Several economists assert that the measures established, despite being late, "are on the right track" but fall a little short compared to decisions taken in other European countries. One only has to look at Italy, which today announced a ban on companies firing workers due to the coronavirus crisis, a measure that has been extended for up to two months. This is one of the actions included in a decree-law pushed through by the Italian government, with an assistance package of up to 25,000 million euros, which will mobilize resources worth up to 350,000 million, much more than Sánchez's proposal.
In France, they didn't have to wait until they reached nearly 12,000 Covid-19 cases for the government to announce its lockdown and suspend tax and social contribution payments, as well as water, electricity and gas bills. In addition, Emmanuel Macron has also suspended rent payment for small businesses, freelancers and merchants of all kinds, and to activate this, all you have to do is send an email.
In Germany, the government has made available a 500 billion euro fund in loans to companies, whether large, medium, small or self-employed. This figure is five times that proposed by the Spanish government.
Finally, in Denmark, an agreement has been reached between government, companies and workers to pay the salaries of those who will not be able to do their jobs. This is the example Sala-i-Martín gives to illustrate how this could be done: 75% of salary is paid by the state, 25% by companies and workers sacrifice five days of holidays. In return, companies promise not to fire anyone and everyone will be able to resume their jobs when the pandemic is over.
Storm of criticism of the EU
The central criticism of the management of this crisis targets the European Union. Economist Santiago Niño-Becerra has been outspoken on social media: "It gives me the feeling that we are returning to 2008, the Zapatero government's Plan E; and you know how that ended: with a huge deficit that resulted in an out of control public debt. If this current situation, classified as very serious, does not lead the EU to formulate a common fiscal policy with common rules against tax fraud and with a single budgeting and control strategy, we better forget this 'one Europe' that so much is said about."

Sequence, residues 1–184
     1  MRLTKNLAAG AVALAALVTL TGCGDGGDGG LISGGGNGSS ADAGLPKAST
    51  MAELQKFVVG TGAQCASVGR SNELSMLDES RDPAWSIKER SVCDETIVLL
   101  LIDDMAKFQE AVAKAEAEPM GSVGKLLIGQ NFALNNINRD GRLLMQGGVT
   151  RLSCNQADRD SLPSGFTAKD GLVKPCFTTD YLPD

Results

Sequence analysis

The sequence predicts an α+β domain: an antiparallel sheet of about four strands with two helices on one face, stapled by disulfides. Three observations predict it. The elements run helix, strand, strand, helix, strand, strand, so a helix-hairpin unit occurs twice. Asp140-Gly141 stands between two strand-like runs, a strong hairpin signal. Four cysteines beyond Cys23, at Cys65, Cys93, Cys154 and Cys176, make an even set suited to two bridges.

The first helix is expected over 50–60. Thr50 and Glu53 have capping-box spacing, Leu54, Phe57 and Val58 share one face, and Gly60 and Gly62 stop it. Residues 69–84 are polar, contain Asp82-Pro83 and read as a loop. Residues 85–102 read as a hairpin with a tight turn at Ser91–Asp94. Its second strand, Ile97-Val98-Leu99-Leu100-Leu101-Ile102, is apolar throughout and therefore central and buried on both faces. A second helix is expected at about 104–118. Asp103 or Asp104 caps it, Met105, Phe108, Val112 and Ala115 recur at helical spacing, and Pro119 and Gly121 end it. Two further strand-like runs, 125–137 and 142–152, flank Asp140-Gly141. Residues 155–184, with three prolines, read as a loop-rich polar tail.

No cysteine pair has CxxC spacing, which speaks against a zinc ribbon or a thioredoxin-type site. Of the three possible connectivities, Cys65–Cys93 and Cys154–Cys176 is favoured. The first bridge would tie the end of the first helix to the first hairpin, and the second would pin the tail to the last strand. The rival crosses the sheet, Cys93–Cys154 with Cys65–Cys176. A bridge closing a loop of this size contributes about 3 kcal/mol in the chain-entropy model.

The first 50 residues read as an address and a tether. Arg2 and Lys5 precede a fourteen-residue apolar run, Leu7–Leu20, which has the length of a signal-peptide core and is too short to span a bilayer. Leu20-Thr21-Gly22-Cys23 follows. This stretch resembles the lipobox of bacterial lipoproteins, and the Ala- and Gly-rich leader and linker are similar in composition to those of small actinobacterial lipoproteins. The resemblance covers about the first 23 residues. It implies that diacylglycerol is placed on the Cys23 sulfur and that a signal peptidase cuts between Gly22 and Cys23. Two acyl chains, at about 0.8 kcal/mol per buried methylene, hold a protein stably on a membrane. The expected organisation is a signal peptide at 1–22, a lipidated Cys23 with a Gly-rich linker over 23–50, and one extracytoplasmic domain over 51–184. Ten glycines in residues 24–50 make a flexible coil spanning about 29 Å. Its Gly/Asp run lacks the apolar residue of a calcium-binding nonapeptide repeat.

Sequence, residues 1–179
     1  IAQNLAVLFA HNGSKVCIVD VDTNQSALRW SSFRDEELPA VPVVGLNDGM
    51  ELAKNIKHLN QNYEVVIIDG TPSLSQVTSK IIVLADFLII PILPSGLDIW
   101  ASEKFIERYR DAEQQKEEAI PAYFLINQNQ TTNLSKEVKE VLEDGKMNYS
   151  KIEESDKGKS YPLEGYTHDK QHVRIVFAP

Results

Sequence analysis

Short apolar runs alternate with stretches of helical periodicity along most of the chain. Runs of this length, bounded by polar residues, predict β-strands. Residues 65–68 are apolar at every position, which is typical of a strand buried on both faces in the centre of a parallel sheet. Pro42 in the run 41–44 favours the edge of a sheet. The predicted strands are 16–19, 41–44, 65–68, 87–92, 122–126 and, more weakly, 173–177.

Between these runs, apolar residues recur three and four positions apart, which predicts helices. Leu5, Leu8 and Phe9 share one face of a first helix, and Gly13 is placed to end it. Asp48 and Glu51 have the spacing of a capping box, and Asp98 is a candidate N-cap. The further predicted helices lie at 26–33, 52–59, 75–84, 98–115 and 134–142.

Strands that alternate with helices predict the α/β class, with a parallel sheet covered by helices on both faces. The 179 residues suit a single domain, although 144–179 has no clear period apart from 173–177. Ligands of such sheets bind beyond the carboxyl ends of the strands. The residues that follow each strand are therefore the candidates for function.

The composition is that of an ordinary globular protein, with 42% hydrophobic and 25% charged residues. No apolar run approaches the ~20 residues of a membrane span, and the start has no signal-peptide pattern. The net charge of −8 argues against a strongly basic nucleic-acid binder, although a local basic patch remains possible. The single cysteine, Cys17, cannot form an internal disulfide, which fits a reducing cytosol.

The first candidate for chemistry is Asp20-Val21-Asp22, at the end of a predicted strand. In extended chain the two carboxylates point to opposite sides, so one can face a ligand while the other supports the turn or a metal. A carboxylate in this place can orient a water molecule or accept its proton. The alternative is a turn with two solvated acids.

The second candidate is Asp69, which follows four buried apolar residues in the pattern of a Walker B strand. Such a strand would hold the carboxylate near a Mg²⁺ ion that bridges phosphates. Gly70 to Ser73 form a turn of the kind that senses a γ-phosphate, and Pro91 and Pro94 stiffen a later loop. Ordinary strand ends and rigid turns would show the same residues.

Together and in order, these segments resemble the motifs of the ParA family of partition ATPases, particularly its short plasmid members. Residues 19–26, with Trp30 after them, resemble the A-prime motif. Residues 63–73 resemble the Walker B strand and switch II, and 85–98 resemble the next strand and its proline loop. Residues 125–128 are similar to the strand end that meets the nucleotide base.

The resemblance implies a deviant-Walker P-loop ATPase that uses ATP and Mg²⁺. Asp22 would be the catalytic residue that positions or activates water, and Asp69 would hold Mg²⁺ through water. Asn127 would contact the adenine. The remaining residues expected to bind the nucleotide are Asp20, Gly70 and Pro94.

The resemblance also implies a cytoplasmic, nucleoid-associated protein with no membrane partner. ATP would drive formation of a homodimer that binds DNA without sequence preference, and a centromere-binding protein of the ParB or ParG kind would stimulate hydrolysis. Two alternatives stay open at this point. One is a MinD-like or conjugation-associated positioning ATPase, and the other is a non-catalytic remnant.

He is not the only one. Anton Gasol is also critical and says that "Sánchez has done much better than the European Union is doing, which is putting in circulation 12 billion euros and 100 billion in guarantees, which is equivalent to 1% of the EU's GDP". About that, he states that "the European Central Bank's repetition of the famous mantra 'whatever it takes' is not enough: this has to be materialized."
And the double criticism of Sala-i-Martín: "Because the Spanish state has not done its homework in a boom period and it has not "saved" in order to deal with situations like this, all the extra expense will have to be financed with ECB credits. European authorities should come out of their caves and make the quantitative easing policy explicit." He says "the bill to be paid will be large and the amount of money the ECB will have to print will be, too".